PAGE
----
The Winter Soldier has an array of satisfying and visually stunning action sequences. The great pace settles itself with slow, information-gathering scenes, and intense action set pieces. The choreography is stunning; fist fights have genuine weight to them, and the fights feel real, despite it being a superhero film. Sparks fly over the screen, the sound editing is first-rate, and it all has the coat of polish that only Marvel can deliver.

The Winter Soldier might be Marvel’s best film to date. It successfully blends multiple genres and transcends the superhero stereotype into creating something enjoyable for any audience. The cast of characters is interesting, the plot is full of twists and turns, and you’ll leave the theater satisfied. It made me excited for what Marvel has up their sleeve for the rest of Act II.


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Posted by on April 4, 2014 in Movie Reviews


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It’s no ‘Hunger Games,’ but Neil Burger’s ‘Divergent’ is still miles ahead of traditional YA fare


Careful of over saturating the YA film market, film studios have to be careful of making their movies too similar. You know the image: the dystopian sci-fi world in ruins, headed by a strong female protagonist who overthrows the government. What worked for The Hunger Games feels stale in Divergent. As a fan of the books, I enjoyed the attention to detail and the plot changes they made, yet Divergent simply isn’t different enough, with pacing problems and character underdevelopment everywhere.

Divergent is an adaptation of the popular YA book series written by Veronica Roth. The book features a dystopian Chicago, where citizens are separated into five factions based on their values and test results. You don’t get much detail into the ‘why’ of this world, but that will be saved for later movies. For this reason, I wouldn’t recommend Divergent unless you’re a fan of the books or you enjoy dystopian fiction. It isn’t for the casual viewer. The film does a poor job of making things clear, and this plays directly into the character development, or lack thereof.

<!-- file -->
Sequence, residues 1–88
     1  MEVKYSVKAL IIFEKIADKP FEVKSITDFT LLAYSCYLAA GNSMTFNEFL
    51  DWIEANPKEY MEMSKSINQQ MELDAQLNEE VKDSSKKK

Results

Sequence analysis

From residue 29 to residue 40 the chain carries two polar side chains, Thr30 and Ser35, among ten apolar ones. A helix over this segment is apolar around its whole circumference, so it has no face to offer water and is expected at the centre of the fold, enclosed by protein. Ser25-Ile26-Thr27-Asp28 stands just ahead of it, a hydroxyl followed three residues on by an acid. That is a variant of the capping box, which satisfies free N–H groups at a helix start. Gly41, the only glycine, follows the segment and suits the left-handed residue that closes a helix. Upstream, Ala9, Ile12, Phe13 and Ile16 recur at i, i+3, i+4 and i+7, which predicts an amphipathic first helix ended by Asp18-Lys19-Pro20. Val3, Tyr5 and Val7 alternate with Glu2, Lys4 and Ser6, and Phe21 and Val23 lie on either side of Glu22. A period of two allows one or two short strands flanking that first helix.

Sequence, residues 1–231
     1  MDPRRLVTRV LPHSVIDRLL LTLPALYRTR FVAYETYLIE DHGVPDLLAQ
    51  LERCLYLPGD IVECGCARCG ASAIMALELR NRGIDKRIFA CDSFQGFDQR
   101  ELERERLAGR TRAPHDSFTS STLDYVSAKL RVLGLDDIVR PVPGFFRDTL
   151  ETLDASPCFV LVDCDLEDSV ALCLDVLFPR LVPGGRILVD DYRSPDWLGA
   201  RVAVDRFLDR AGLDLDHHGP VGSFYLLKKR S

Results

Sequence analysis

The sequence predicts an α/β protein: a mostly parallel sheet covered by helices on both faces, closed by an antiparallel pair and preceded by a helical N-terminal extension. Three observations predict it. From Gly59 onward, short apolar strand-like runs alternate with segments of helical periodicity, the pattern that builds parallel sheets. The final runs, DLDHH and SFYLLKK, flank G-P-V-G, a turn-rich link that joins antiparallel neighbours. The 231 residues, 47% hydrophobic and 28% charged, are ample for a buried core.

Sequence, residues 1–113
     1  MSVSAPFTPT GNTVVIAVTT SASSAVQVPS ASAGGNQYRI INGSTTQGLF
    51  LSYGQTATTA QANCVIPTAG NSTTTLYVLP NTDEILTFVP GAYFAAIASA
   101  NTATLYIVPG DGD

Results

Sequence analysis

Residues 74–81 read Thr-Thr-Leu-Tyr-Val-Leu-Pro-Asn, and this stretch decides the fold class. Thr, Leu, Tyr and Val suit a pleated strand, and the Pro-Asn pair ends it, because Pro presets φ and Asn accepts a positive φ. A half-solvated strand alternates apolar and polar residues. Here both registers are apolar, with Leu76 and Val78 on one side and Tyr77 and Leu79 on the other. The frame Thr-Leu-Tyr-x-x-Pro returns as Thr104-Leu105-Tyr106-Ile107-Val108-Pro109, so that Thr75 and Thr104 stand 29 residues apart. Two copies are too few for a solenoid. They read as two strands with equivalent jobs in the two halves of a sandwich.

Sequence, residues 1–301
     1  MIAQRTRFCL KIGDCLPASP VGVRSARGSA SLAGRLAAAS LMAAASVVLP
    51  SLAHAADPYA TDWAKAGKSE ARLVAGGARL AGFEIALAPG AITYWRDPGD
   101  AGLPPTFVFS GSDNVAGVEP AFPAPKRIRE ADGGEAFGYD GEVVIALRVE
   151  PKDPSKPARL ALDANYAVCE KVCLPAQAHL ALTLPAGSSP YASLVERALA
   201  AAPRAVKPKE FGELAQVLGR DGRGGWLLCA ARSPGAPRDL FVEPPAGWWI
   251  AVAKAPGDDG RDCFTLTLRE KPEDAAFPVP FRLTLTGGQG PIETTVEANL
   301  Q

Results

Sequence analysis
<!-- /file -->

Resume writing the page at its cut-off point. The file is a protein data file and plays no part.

Tris Prior is an interesting and strong candidate for the female heroine, but actress Shailene Woodley simply isn’t given enough to work with here. She’s great in the pathos-heavy emotional scenes, and while both she and love interest Four actor Theo James are good actors, the paltry script doesn’t showcase their acting capabilities. James is left to cliche love story lines akin to a Nicholas Sparks novel, and at other times he plays the quiet, too cool for school guy. The great lines are reserved for Kate Winslet, who plays autocratic leader Jeanine. She’s a chilling and formidable villain, one who will help define the future adaptations. It’s almost worth seeing just for Winslet alone: she’s that good. Ansel Elgort, Miles Teller, and Zoe Kravitz round out the rest of the kids, and they perform well enough. Ashley Judd and Tony Goldwyn star as Tris’s parents, who also aren’t given enough good lines to work with, despite their acting muscles.

Characters aside, Divergent is good at world-building. You’ll keep asking questions that you don’t get answers to. This is a testament to the film’s gorgeous visuals. As a resident of Chicago, I loved seeing landmarks such as Navy Pier and the Marina Towers on Lake Street. A zipline scene down the Hancock Tower is one of the best scenes in the film, capturing the essence of the movie and the thrills that come with being Dauntless.